New York Times
By Steven R. Weisman
WASHINGTON - The United States reached an informal agreement Friday to let Britain, France and Germany offer a deal to Iran next week in which Tehran would immediately suspend its nuclear fuel enrichment program in return for a discussion on future economic benefits and other incentives, European diplomats said.
The diplomats said that the agreement came at an unusual meeting of top American, European, Russian and Japanese envoys that marked the first time that so many countries' representatives had come together for the express purpose of discussing how to deal with what many experts say is Iran's accelerating nuclear arms program.
The Bush administration has been careful to say that it is not formally endorsing a new attempt by its European allies to provide incentives to Iran, and indeed officials have also said they are skeptical that any such offer will work.
Instead, the United States favors taking up Iran's program at the United Nations Security Council, where penalties, such as a possible oil embargo, would be discussed.
But European envoys familiar with the meeting on Friday, involving the deputy secretary of state, Richard Armitage, and John Bolton, the under secretary of state for arms control and international security, said that the United States did not discourage Britain, France and Germany from making the latest offer to Iran.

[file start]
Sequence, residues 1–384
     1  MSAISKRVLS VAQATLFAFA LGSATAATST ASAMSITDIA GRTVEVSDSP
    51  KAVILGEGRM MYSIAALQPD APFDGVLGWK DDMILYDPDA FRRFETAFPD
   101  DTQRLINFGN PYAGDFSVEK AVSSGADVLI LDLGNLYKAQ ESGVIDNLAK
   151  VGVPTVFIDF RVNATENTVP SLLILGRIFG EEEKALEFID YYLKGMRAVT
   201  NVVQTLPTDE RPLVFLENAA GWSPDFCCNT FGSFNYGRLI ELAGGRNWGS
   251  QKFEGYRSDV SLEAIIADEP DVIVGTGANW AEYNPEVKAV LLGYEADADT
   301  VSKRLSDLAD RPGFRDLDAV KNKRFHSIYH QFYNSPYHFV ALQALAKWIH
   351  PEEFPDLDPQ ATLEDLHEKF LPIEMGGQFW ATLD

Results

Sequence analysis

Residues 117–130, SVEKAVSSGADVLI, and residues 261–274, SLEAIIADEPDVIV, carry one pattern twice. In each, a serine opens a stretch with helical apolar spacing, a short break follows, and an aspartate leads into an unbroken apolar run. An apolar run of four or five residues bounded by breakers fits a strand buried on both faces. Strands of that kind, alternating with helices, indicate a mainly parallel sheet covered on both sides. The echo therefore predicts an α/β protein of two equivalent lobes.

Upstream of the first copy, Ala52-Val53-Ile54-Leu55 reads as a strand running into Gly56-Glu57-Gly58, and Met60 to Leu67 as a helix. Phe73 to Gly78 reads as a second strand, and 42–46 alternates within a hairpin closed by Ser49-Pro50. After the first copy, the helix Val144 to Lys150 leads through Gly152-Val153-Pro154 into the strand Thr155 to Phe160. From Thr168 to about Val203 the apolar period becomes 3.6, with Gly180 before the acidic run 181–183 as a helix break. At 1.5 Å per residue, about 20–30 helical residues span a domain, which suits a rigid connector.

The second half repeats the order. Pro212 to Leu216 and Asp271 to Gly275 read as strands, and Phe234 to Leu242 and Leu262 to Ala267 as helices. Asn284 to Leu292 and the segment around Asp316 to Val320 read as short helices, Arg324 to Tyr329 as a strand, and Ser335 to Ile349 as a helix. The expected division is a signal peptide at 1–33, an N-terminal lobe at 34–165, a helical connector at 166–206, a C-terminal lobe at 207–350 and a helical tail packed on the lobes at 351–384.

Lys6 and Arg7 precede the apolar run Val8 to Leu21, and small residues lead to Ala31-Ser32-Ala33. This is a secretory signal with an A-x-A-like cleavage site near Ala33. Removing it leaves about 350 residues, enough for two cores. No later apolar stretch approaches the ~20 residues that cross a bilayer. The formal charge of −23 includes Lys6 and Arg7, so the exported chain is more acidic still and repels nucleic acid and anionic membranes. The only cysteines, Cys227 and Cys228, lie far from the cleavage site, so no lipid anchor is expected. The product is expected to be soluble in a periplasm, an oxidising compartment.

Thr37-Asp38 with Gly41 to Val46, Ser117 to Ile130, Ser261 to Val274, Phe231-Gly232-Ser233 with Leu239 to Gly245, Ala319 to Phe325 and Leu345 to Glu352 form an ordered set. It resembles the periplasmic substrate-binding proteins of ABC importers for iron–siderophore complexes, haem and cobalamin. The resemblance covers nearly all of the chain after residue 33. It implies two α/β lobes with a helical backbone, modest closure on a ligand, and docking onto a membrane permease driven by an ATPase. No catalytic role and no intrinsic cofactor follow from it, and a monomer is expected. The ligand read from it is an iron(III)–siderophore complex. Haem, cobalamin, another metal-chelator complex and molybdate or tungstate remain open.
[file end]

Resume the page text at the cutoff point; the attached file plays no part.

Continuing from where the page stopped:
"They didn't jump on the train physically," said a European official, describing the American attitude, adding: "There was nobody who told us, don't go ahead."
As a result, a meeting is expected as early as Thursday, perhaps in Vienna, the headquarters of the International Atomic Energy Agency.
The meeting featured the circulation of a four-page paper prepared by leaders of the European Union outlining an effort to engage Iran. European diplomats said the paper, prepared by Britain, France and Germany, was also endorsed by the entire EU, though not formally by all 25 countries.
According to officials familiar with the paper, it calls for "a two-track approach" of engagement and confrontation. If the engagement does not work, then the paper proposes that the countries of the world mount a program of pressure on Iran by going to the UN Security Council to discuss sanctions.
The approach of engagement has a short-term and a long-term component, the diplomats said.
In the short term, it calls for Iran to suspend enrichment of its uranium, which it promised to do last year before backing off of in protest over more demands that it disclose its nuclear activities to the agency.
The suspension of uranium enrichment would have to be "sustained," a European official said - meaning, in effect, permanent, although the word "permanent" is avoided because a permanent arrangement for Iran to drop its nuclear weapons ambitions would be worked out in the long term.
The paper also proposes that in the long term other issues will be addressed, first by the Europeans and eventually by the United States. These would involve human rights in Iran, a discussion on terrorism and Iran's suspected support of terrorist groups, economic ties, political and security relationships in the Middle East, including a role in the peace process between Israel and the Palestinians.